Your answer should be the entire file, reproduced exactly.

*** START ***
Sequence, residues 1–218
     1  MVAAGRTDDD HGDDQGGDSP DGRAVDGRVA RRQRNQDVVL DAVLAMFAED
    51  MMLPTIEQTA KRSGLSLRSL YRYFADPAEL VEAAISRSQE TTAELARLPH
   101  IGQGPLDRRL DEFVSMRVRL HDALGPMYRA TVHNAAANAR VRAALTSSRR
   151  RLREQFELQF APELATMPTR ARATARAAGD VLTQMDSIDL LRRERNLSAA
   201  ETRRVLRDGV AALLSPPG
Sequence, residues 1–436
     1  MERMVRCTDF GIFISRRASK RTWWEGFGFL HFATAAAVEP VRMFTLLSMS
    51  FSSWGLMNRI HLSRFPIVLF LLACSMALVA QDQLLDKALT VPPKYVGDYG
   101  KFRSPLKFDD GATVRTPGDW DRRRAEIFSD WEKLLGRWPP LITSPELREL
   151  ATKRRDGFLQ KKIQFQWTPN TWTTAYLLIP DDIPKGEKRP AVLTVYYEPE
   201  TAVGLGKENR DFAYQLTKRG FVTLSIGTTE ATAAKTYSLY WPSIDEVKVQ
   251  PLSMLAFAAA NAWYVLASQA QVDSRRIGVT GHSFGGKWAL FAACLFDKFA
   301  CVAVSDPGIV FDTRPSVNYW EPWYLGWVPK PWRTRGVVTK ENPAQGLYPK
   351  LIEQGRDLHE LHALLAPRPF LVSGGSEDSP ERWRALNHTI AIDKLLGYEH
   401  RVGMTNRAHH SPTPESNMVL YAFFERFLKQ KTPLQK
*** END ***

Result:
Sequence, residues 1–218
     1  MVAAGRTDDD HGDDQGGDSP DGRAVDGRVA RRQRNQDVVL DAVLAMFAED
    51  MMLPTIEQTA KRSGLSLRSL YRYFADPAEL VEAAISRSQE TTAELARLPH
   101  IGQGPLDRRL DEFVSMRVRL HDALGPMYRA TVHNAAANAR VRAALTSSRR
   151  RLREQFELQF APELATMPTR ARATARAAGD VLTQMDSIDL LRRERNLSAA
   201  ETRRVLRDGV AALLSPPG
Sequence, residues 1–436
     1  MERMVRCTDF GIFISRRASK RTWWEGFGFL HFATAAAVEP VRMFTLLSMS
    51  FSSWGLMNRI HLSRFPIVLF LLACSMALVA QDQLLDKALT VPPKYVGDYG
   101  KFRSPLKFDD GATVRTPGDW DRRRAEIFSD WEKLLGRWPP LITSPELREL
   151  ATKRRDGFLQ KKIQFQWTPN TWTTAYLLIP DDIPKGEKRP AVLTVYYEPE
   201  TAVGLGKENR DFAYQLTKRG FVTLSIGTTE ATAAKTYSLY WPSIDEVKVQ
   251  PLSMLAFAAA NAWYVLASQA QVDSRRIGVT GHSFGGKWAL FAACLFDKFA
   301  CVAVSDPGIV FDTRPSVNYW EPWYLGWVPK PWRTRGVVTK ENPAQGLYPK
   351  LIEQGRDLHE LHALLAPRPF LVSGGSEDSP ERWRALNHTI AIDKLLGYEH
   401  RVGMTNRAHH SPTPESNMVL YAFFERFLKQ KTPLQK